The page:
Sometimes manufacturers just add a bit onto the top of low-waisted trousers:

Too often the "high waist" is nowhere near the waist. Not mine, anyway (I am 5ft 7.5in).

All I want is trousers with straight legs, a waistband, belt-loops, and a waist ON the waist. Not somewhere in the vicinity. Not hovering near the hip. On the waist. I fear that "mom jeans" are thought to be frumpy, or else catalogue companies have a lot of old stock to get rid of. But if you go to trendy Dalston or Broadway Market, you will see girls all dressed in proper Mom jeans (see top picture). Moms want mom jeans! And we want them now!

Monday, 15 August 2016

70s Style

It wasn't all psychedelic granny squares and loon pants. I was narrowing my flares by 1973.

Clothes design was the new rock in the late 60s: Rabanne, Courreges, Mary Quant, Ossie Clarke – but by the early 70s they all seemed to fade away, leaving us with disparate trends worn all at once. Flowery blouse over woolly jersey and under cord pinafore dress, in different colours. Fashion chaos. It was called the layered look. Wearing two shirts at once was really trendy for about 10 minutes.

There were famous designers in the 70s but they were very upmarket and couture and typists/students like me didn’t wear drapey loungewear. With it went an early 70s fashion for a scarf tied as a tight turban coming right down to the eyes, which were heavily made up. The ends of the scarf were twisted into a rope and wound round the head. It was a cross between an oriental turban and something vaguely 30s.

But I remember Foale and Tuffin who made quilted jackets out of ethnic fabric. Quilting was a thing. I had a genuine Chinese jacket that I struggled to do up, and a shiny black quilted tabard that I wore with terracotta harem trousers and wedged espadrilles (circa 1976).

Circa 1970, the “unisex” trend shocked those people who love to be shocked. Girls and boys wore pudding basin haircuts, baker boy caps, big clumpy lace-up shoes, V-necked tank tops, tweed Oxford bags, waisted jackets with big lapels in a brown, orange and yellow palette. And there were unisex hair salons. (Any minute now we might get unisex toilets.)

In the early 70s there was a brief vogue for primary colours, especially red and blue. Also for wearing short-sleeved, tight cardigans over a shirt. (My shirt was red – from Woolworths, my cardi was blue and I wore this ensemble with blue hotpants, red tights and blue tap shoes.)

Also in the early 70s there was a Goth look influenced by Biba with very dark eye makeup and lipstick (she pioneered black and khaki nails), 40s dresses, and a LOT of purple. This ensemble was worn with a holey crocheted shawl, platform boots, a choker and a grim expression. There was an expensive glam version way out of our price range, and a suburban version that dropped the shawl, kept a late 60s half pony-tail and added a smile.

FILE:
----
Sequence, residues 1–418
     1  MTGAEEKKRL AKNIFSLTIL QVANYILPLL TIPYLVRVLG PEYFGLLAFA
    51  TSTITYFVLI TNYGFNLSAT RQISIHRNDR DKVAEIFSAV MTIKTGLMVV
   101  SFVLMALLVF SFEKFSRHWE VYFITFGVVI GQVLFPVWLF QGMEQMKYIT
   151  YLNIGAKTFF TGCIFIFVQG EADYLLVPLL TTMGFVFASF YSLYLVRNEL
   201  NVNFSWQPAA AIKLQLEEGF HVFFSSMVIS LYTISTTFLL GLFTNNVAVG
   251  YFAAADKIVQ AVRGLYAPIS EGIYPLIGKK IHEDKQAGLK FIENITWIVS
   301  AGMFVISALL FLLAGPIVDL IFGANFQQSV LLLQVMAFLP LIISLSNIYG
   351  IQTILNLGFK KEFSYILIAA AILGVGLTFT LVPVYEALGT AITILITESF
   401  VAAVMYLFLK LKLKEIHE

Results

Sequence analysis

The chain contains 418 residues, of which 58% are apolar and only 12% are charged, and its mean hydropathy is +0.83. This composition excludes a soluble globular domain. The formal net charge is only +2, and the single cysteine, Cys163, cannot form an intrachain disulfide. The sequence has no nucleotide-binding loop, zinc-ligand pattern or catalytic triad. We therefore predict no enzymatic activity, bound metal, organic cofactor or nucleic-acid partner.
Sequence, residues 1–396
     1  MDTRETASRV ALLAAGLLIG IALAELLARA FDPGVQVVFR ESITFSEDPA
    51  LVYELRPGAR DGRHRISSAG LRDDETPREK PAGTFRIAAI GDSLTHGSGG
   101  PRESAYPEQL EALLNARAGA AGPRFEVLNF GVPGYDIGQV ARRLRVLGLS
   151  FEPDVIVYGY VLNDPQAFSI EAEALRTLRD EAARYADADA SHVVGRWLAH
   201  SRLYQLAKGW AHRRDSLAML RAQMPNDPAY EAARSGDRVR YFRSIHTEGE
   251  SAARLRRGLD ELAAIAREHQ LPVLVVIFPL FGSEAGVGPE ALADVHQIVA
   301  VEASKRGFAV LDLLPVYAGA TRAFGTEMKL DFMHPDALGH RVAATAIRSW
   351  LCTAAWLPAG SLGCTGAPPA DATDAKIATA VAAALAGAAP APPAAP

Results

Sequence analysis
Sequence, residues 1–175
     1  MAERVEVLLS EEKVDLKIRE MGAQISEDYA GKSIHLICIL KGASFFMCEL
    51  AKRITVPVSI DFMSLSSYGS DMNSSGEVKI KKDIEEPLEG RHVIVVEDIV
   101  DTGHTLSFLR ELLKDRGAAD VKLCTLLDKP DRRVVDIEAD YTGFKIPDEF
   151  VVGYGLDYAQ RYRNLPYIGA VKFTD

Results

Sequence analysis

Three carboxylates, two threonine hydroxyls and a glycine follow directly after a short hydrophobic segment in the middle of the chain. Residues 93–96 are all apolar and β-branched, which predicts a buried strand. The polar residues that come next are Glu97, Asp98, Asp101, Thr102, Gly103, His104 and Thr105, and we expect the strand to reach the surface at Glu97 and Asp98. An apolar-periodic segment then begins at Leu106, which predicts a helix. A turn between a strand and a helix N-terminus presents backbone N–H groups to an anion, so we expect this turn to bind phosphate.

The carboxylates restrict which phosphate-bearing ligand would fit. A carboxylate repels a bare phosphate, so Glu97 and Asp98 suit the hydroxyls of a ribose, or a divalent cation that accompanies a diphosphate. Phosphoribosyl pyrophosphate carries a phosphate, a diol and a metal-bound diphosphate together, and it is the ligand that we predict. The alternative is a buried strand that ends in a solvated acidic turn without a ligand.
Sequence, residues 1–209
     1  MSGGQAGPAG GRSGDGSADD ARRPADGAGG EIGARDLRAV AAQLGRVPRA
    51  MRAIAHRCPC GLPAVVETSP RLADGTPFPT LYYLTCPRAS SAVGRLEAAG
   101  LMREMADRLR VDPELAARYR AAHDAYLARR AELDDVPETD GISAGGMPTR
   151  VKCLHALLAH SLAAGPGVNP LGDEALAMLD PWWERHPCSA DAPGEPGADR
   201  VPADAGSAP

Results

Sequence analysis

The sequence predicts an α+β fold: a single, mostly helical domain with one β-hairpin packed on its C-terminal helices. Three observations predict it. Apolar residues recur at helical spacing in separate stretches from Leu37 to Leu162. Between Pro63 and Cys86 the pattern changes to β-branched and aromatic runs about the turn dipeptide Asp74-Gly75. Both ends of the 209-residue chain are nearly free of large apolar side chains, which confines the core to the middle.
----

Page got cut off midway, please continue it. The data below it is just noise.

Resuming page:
Another suburban style: A-line skirts, knee-high boots, Cleopatra hair, tailored and waisted jackets with big collars and a choker. Underneath the jacket is a blouse in the same style, in flowery fabric and with a lot of tiny buttons.

And my favourite combo: silver V-necked cardigan over brown velvet maxi skirt for evening wear. Choker and boots optional.

And a tamed hippy look: long hair parted in the middle, fringed suede waistcoat, A-line suede miniskirt, platform boots that reached mid-calf, fringed suede bag. The palette was ochre, olive and brown, or if you were prepared to stand out in Godalming, brown and purple. Perfect for skipping through puddles and dancing through fields. Unfortunately you needed a slim figure and a sweet, dim smile.

There was a Minnie Mouse, 40s revival look with polka dots and high-heeled strap shoes (that Roxy Music album cover is 1972).

Middle class girls wore baggy sweaters with daring V necks – that hadn’t been seen since the 50s. Older ladies were still wearing “big hair”, with high round necks or polo necks which did them no favours at all. You wore a narrow belt over the jersey (or a jacket), sometimes in the same fabric and with a plastic 30s style buckle. Belts were a cheap way of looking stylish.

Sociology lecturers wore corduroy dresses or smocks with wide short sleeves and a yoke right across the bust, worn over a too-small polo neck. This costume went with a Purdey hairstyle, which quickly became a drab uniform for polytechnic staff. When the fringe got too long, you cut it yourself, too short and straight across. The male version was longish curly hair and a wild beard, plus glasses, concealing the entire face apart from the nose.

Serious people were very serious in the 70s, and it was the done thing to be drab. Oddly enough, the drab people all paired off, despite thinking that love was a bourgeois construct and romance a tool of patriarchy.

Knitting patterns showed smiling women with long, straight hair doing practical things – like feeding horses. Thick woolly jumpers in “natural” wool expressed “togetherness” (according to actress Sophie Grabol), also a rejection of capitalist values. Boucle yarn was in, and by the late 70s: Aran, Aran, Aran, worn with a man's flat cap or tweed solar topee and a big grin.

I adopted the look, from the top:
Gaucho hat
thick Aran cardigan, leather belt
several “prairie” tiered skirts, the underneath ones showing
Fellow students thought it was a bit avant garde. It was hard to get Aran cardigans, you either went to Ireland or knitted your own.

Knee boots came back, and we tucked our flares into them, creating a Russian look. Designers created Russian style tunics to go with it, and Cossack trousers. Did knee boots spell the end of the flare? Or cycle clips? Or leg warmers? With skinny jeans you don’t need cycle clips.

We wore 15 denier tights in "American Tan" (orange) in the summer because bare legs just weren't possible. If it got too hot, you dyed your legs orange with Q Tan which smelt of digestive biscuits. In the 80s we just went “What the Hell?” and walked around with bare (white) legs, and manufacturers brought out ecru tights to match.

I'm still following the advice of Catherine Milinaire's Cheap Chic (charity shops, army surplus). Some of our odd mix and match looks were the result of earning very little (our low salaries assumed that we were still living at home or that daddy had bought us a flat). And army surplus clothes preserved 40s designs. I wore Land Girl brown corduroy breeches and navy serge sailor trousers. But it was difficult being a large girl of 5ft 9in.

60s clothes here.